May Day is no longer commemorated as it once was. The crisis in socialist alternatives, the overpowering force of global capitalism and the division of the workers into the included and the excluded have all contributed to lessening the ideology of Labor Day.
Yellowing with age, May Day has lost its red vigor. This is because the proletariat has neither redesigned its Utopia nor reoriented its revolution. Losing its transformative vigor, it channeled demands without proposing revolutionary transformation.
In an epoch of robotics, the proletariat’s power has been weakened by the "inutility" of work; the world of work has lost strength. A mere gentle pressing of buttons by specialists has replaced the strength of hands. The proletariat has lost its sense that equality is possible.
All are born equal; the brain of the rich capitalist’s child has the same potential as that of the poor, unemployed person’s child. Day by day, inequality is systematically constructed by the difference in schools.
Equality will not come from the economy. It is no longer capital that is accumulated but, rather, knowledge. The capitalist’s child who does not study will not be a successful boss; depending upon his or her talent, persistence and vocation, the proletariat’s child who studies will have every chance.
Utopia still exists: the Same Chance is possible for all, be they children of the bosses or of the workers. There is a lottery that awards everyone: the school. There is a lottery ticket with which everyone wins: the diploma in courses that are presented and chosen well.
Once again Labor Day needs to be a day of Utopian dreams and revolutionary vigor for an educational revolution to assure the Same Chance to each person, independently of where a child was born and to which parents. An education that develops the latent potential the child has at birth.
The workers went out on sectorial strikes for salaries and on general strikes for changes and revolutions. The sectorial strikes became weaker and weaker and, wisely, rarer and rarer. The few with work fear the millions of unemployed; and their bosses know that, by negotiating in time, they avoid stoppages by those who still have jobs.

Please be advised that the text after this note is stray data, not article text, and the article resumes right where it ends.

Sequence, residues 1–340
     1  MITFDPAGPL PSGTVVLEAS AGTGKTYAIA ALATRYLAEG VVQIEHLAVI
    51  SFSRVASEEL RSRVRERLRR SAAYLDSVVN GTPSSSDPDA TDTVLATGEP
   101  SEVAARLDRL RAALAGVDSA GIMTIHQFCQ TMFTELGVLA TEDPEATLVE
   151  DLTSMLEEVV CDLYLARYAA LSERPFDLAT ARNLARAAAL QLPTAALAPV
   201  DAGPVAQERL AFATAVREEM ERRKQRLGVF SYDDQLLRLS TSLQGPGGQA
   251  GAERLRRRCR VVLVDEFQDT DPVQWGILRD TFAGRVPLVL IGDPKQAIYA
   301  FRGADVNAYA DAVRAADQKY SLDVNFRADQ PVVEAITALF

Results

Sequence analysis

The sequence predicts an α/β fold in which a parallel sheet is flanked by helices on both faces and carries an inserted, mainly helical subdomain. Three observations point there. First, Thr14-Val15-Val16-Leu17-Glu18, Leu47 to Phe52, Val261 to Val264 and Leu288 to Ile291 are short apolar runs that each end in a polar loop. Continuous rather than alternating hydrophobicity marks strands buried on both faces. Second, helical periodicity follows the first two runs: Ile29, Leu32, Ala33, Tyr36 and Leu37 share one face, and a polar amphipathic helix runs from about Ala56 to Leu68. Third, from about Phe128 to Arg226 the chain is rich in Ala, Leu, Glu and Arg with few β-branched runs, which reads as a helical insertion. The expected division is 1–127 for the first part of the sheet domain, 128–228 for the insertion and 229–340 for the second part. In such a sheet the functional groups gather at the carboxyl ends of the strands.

Labor Day makes us think that it is time to return to the dreams and the struggle. Convoke a general strike so that workers and the mass of the people demonstrate that they want the right to the Same Chance, demanding schools for their children equal to those of the boss’s children.
A general strike of a mere hour to shout, "Education Now," just as people used to shout "Direct Elections Now" or "Long Live Socialism."
The "Força Sindical" organization took the Environment as the theme of this May Day’s event. This proves the Utopia has returned because only ecological equilibrium gives all generations the same chance. But is it necessary to go beyond that, to use education to guarantee all social classes the Same Chance.
And to carry the debate to all the workers of all of Brazil! That is a revolutionary gesture that is possible today. Break with the paralysis and the conservative accommodation of neoliberalism’s single way of thinking and with the traditional left’s accommodation and paralysis that continues imprisoned by the logic of the revolution for the economy.
The new revolution of the Same Chance considers that, in the 21st century, capital and development will come from knowledge. Distribution is no longer accomplished through the concentration of capital in the hands of the State but, rather, through the egalitarian distribution of knowledge to all people starting in early childhood.
Utopia consists in making the school of the poorest worker’s child equal to that of the child of the richest boss. That is the struggle that will turn Labor Day red once again but in a different way.
Cristovam Buarque has a Ph.D. in economics. He is a PDT senator for the Federal District and was Governor of the Federal District (1995-98) and Minister of Education (2003-04). He is the current president of the Senate Education Commission. Last year he was a presidential candidate. You can visit his homepage – www.cristovam.com.br – and write to him at firstname.lastname@example.org
Translated from the Portuguese by Linda Jerome – LinJerome@cs.com.
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